Translated by Pete Ferreira
Heidegger aims to show that the can-be-true or false, characteristic of apophantic discourse, of predication, is not an originary determination of truth; it is based instead on an ontologically earlier factor, a phenomenon of discovery, and more precisely still, in the discovering attitude that belongs to the being-there when it is open to the world of entities. Apophantic speech is one of the ways through which being-there has access to the entity and discovers it. And so, as the λόγος ἀποφαντικός, is one of the ways of discovering the entity, just as the could-be-true or false is only a particular mode of the phenomenon of truth. This latter, thus, must be grasped in its in itself on a more originary dimension.
To understand this, we must first ask ourselves about the conditions of the possibility of being-true or false of predication, that is about that discovering attitude of being-there enacted in the discursive-predicative forms of λόγος. Now, developing these considerations always on the basis of the Aristotelian text, Heidegger identifies the condition of can-be-true or false of predication in the dual structure of the λόγος — in its being σύνθεσις or διαίρεσις, in its connecting or detaching. Once this is done, he wonders then what are the unifying structure and the foundation from whence this double determination springs.
The answer to this question runs through an interpretation of Metaphysics IV, 7 and VI, 4, as well as De Interpretatione 1, in which Heidegger identifies the fundamental unity sought in the structure of the 'whilst' (Als) that forms the basis of predication, and which in turn is based on that 'as' (hermeneutic) which is the structure of understanding as determination of being-there15. This structure of 'whilst' in the original sense, Heidegger says that it "That phenomenon is the “as,” the structure that belongs to understanding as such. Here understanding must be understood as a basic form of being of our existence."16; he therefore concludes that " the structure of the “as” is the fundamental hermeneutical structure of the being of that being which we call existence (human life)."17. As a result, the true-being of predication refers to the structure that characterizes the being-there itself in her disposition for discovery, in its being unveiling (ἀληθεύειν). Thus, in determining the structure of being-there as a being-discovering or a being-unveiling. Heidegger re-thinks and re-formulates in an original way the sense of Aristotelian determination of the soul (ψῡχή) as a being in the true (ἀληθεύειν) in the sense of being unveiling18.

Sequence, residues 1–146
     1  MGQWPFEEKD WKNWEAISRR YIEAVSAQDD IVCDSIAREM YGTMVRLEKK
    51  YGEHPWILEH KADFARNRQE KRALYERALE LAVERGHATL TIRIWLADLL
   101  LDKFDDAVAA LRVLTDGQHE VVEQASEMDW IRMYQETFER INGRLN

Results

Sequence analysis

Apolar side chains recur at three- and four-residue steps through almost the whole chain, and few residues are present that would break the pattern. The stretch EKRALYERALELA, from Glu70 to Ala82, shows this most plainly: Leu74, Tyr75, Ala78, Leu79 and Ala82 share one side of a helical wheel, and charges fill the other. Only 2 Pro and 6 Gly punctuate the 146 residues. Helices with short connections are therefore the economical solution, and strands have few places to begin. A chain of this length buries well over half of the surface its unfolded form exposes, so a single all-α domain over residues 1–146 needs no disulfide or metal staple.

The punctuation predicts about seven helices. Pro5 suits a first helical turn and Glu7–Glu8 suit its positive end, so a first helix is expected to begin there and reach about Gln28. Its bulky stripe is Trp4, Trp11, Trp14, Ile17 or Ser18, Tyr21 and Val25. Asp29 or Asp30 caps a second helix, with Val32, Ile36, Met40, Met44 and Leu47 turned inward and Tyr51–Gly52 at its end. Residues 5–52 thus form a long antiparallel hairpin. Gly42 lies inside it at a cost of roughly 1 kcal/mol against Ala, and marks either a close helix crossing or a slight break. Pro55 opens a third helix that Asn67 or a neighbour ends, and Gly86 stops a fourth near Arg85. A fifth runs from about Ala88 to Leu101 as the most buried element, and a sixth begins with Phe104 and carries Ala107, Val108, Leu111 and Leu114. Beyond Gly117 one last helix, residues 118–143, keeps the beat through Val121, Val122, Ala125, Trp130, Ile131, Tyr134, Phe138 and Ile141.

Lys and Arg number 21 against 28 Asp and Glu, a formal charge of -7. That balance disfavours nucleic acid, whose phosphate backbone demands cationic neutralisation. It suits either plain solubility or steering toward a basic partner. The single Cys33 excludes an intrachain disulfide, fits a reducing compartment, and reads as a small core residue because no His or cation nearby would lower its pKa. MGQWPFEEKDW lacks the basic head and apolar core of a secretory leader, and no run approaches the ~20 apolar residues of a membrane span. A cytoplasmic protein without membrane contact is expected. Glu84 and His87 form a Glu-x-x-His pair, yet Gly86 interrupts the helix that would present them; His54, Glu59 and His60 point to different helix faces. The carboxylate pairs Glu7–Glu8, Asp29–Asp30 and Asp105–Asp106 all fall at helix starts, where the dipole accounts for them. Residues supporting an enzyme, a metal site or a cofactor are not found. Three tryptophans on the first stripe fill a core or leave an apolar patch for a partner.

15 The distinction between apophantic 'as' and hermeneutical 'as' is not yet calibrated in the same terms that it will be in Being and Time. While in this course he firmly holds to the Aristotelian distinction between the semantics of the λόγος in general and the apophanticity of the λόγος regarding assertion, in § 7, and especially in § 33 of Being and Time he highlights the apophantic character of λόγος to thus place it in the originariness of the hermeneutic 'as'. The problem of the apophanticity of the λόγος is resumed, in a mutated perspective, during the winter semester 1929/30 (see GA 29/30, §§ 71-73). On the relationship between sign and λόγος, which it is not possible to cover here, see the observations of C. Sini, "Heidegger e il problema del segno", in L’uomo, un segno, 3, 1979, pp. 43-58.
16 GA 21, 150. [Logic: The Question of Truth, 126.]
17 Ibid. [Ibid, 127]
18 As is well known, in Being and Time the openness characteristic of being-there is designated by the technical term Erschlossenheit. In the Marburg courses, in particular in summer semester 1925, Heideggerian terminology is not yet defined in this sense; indeed, in this course, Heidegger speaks of "Erschlossenheit der Welt" and "Entdecktheit des Daseins". On the connection of openness and truth as constitutive characters of being-there see the crucial critical remarks of E. Tugendhat, Der Wahrheitsbegriff bei Husserl und Heidegger, 2nd ed., De Gruyter, Berlin 1970, especially pp. 256-362 (who already then could assess Heidegger's Marburg courses from Helene Weiss's Nachschriften); see also the equally important considerations of C.F. Gethmann, Verstehen und Auslegung. Das Methodenproblem in der Philosophie Martin Heideggers, Bouvier-Grundmann, Bonn 1974.